As the Thais say, the more you have on your side, the better.

How I learned to concentrate (again)

Over at TeleRead, Chris Meadows recently wrote on the sapping of our attention spans. In between clicks away to gmail, Facebook, and Chris’s own links, I was just able to read through to the end, and the comments after.

Now perhaps I am merely mentally lazy and weak, as Steve Jordan suggests, but I don’t think reclaiming your attention span is strictly a matter of willpower, of just clicking things off. The networked world is more insidious than that. Mere willpower isn’t enough for me. I couldn’t just “turn stuff off”. But if I wanted to get some serious writing done, or even spend more time with my daughter, I had to.

I don’t even have a smartphone and almost never turn on the wireless function of my Kindle, but when I got a new super-duper fast laptop with wireless on it after arriving back in the States last year, the effect was very much like a sudden crack addiction. Mind you, on account of living in the Third World for some years, I hadn’t been exposed to a gradual build-up of all-the-time media. I just jumped straight into the pool. Before I knew it, I couldn’t even get through a meal without glancing at the laptop for some all-important update, 99.8% of which I couldn’t remember a day later. My attention span suffered. My writing suffered. My daughter learned to ratchet up the squeal volume to compete with the glowing screen.

It took me some months of grappling with the supercharged information monster before realizing that simple behavioral changes were required. I do some writing longhand, but most of the heavy-duty editing work occurs on the computer screen. Going analog was not an option. So, I resurrected and rejigged my old laptop, synced with the endlessly useful Dropbox, and now use it exclusively for writing. The reason: it’s painfully, painfully slow. With a 128k processor it takes a good two minutes to boot up even the google homepage with Chrome and it lacks wireless – you actually have to plug it into a wire to get online (which I do strictly to sync the docs I’m working on with Dropbox) which keeps my behind in the writing chair. It is an exercise in ritual self-humiliation to break away to Facebook or gmail or RSS feeds or whatever. This is enough to cause you to reflect and stop yourself. As opposed to my other laptop, where the time-wasting temptations of the internet are always only one, swift click away. I couldn’t will myself into stopping the online skipping around. But I can sure frustrate myself into it.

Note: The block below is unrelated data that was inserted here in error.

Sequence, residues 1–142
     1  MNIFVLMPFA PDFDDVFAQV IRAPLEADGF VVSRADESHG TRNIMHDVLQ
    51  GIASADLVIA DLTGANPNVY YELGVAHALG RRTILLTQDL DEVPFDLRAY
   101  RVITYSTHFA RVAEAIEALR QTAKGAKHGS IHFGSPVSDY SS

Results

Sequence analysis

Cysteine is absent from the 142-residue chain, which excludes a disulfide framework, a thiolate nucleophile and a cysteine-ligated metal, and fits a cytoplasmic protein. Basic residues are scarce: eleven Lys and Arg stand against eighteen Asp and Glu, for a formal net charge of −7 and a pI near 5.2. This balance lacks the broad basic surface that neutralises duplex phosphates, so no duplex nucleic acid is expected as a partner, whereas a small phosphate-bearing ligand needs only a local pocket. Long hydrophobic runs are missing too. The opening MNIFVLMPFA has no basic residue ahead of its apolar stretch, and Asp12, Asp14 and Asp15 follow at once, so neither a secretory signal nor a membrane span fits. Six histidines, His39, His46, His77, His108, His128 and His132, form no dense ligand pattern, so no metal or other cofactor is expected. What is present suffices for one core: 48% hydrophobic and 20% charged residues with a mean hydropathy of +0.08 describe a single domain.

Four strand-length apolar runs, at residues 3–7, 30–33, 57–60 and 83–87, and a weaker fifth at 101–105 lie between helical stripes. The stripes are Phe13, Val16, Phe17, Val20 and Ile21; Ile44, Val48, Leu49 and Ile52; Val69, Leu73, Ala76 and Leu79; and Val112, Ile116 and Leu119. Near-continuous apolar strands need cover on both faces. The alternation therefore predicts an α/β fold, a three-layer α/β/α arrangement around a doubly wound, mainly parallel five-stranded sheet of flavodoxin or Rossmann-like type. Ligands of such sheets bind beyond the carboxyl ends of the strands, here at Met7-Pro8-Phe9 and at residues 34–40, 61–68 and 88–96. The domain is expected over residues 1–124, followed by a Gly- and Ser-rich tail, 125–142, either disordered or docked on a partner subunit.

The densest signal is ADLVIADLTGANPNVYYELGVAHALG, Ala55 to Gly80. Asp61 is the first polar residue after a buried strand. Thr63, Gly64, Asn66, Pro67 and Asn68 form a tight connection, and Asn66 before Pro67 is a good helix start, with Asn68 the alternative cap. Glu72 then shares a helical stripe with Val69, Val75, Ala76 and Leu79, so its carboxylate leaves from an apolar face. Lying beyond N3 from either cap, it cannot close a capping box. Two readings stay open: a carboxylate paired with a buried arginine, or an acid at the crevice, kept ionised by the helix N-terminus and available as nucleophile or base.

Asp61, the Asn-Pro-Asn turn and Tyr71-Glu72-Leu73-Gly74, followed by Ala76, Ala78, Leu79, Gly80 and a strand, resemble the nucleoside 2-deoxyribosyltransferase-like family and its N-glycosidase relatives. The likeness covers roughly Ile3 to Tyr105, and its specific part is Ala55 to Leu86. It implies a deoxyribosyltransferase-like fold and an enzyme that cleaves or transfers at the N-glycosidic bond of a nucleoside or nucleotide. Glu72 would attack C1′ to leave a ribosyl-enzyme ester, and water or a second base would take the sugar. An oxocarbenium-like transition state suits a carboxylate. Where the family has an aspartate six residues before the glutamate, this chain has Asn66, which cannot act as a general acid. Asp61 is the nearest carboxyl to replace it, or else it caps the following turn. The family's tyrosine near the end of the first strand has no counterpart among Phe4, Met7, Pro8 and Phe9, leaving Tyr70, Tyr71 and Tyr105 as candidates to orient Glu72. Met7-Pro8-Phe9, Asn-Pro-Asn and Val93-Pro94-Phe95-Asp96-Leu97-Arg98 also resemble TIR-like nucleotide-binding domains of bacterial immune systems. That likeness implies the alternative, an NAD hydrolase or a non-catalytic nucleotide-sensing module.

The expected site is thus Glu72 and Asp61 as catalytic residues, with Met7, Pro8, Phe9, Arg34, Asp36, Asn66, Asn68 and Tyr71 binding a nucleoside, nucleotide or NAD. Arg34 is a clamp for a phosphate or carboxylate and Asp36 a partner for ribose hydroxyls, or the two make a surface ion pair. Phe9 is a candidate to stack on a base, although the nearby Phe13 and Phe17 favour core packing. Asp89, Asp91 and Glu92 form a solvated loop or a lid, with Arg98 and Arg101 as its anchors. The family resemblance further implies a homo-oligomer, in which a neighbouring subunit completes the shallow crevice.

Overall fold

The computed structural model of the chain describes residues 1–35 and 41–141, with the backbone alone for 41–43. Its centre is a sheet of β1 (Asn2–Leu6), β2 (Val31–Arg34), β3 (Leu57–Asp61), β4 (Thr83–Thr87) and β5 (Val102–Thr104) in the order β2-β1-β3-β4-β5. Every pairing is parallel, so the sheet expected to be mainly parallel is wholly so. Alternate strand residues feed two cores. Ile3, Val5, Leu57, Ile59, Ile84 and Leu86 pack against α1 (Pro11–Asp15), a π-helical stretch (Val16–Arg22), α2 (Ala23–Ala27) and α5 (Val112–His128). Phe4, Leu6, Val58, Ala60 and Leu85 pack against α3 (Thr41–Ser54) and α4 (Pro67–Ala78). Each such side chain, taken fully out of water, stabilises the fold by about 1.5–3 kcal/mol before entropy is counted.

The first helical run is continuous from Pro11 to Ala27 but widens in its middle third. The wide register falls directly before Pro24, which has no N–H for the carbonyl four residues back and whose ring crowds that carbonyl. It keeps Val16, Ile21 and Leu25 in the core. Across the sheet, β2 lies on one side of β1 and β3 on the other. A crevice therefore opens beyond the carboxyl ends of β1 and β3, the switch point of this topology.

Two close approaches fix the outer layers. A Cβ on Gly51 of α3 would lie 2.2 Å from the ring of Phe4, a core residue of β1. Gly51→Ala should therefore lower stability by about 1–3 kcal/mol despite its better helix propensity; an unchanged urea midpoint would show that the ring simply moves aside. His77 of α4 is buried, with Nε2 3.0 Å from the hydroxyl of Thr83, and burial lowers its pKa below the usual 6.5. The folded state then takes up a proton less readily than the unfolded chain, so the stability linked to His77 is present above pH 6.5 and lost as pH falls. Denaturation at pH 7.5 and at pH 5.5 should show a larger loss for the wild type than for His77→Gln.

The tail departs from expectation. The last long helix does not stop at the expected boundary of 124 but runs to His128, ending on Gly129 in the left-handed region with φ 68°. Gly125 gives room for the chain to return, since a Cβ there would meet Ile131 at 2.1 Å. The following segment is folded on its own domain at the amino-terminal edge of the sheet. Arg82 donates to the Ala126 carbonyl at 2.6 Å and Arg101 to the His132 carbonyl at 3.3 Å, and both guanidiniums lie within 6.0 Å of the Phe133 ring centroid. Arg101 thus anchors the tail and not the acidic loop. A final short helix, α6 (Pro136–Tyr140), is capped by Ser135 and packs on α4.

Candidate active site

The other thing I did which has proved enormously helpful in improving my concentration was winnow down my RSS feeds. In a pure exercise of Darwinian survival of the fittest, I cut these down to the absolute essentials – the NY Times, A Hank Williams Journal, a few blogs of friends and writers, TeleRead. I used to spend hours chasing around interesting links on BookForum and The Awl and Ars Technica and etc. But now I quickly come to the end of the linkage, at which point boredom sets in … at which point I can return to work, satisfied at having taken a good survey of a select few of the world’s happenings, without drowning in a ceaseless sea of updates.

Also, while I don’t dispute that immense value of Twitter, I’ve so far avoided both using it and following folks. This is because I know myself: I’d be right back on the crack, and it might be days before my daughter got fed again.

Somewhat ironically: thusly unplugging myself from the matrix has freed up a lot of time for one its primary benefits: ebooks. With a good chunk of my time no longer sucked into the linky rabbithole, I’m reading a lot more. My Kindle has a large backlog of books acquired willy-nilly when I was downloading everything in sight. Although this backlog has to compete with a stack of paper books, I do plan on getting through some of them relatively soon. I’ll post on them here as I do.

Note: This originally appeared at TeleRead.